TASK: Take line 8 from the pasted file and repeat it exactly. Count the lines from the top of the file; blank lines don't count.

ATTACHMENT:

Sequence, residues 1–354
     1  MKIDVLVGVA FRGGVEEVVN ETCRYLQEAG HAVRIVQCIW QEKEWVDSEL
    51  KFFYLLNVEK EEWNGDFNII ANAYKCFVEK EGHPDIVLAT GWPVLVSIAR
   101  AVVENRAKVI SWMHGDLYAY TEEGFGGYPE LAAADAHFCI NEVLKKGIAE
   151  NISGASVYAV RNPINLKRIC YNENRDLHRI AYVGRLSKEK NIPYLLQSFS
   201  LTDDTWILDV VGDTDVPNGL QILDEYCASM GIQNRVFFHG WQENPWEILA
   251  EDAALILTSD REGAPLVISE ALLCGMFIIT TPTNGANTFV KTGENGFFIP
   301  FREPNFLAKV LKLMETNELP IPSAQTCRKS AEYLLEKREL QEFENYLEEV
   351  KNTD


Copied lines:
   301  FREPNFLAKV LKLMETNELP IPSAQTCRKS AEYLLEKREL QEFENYLEEV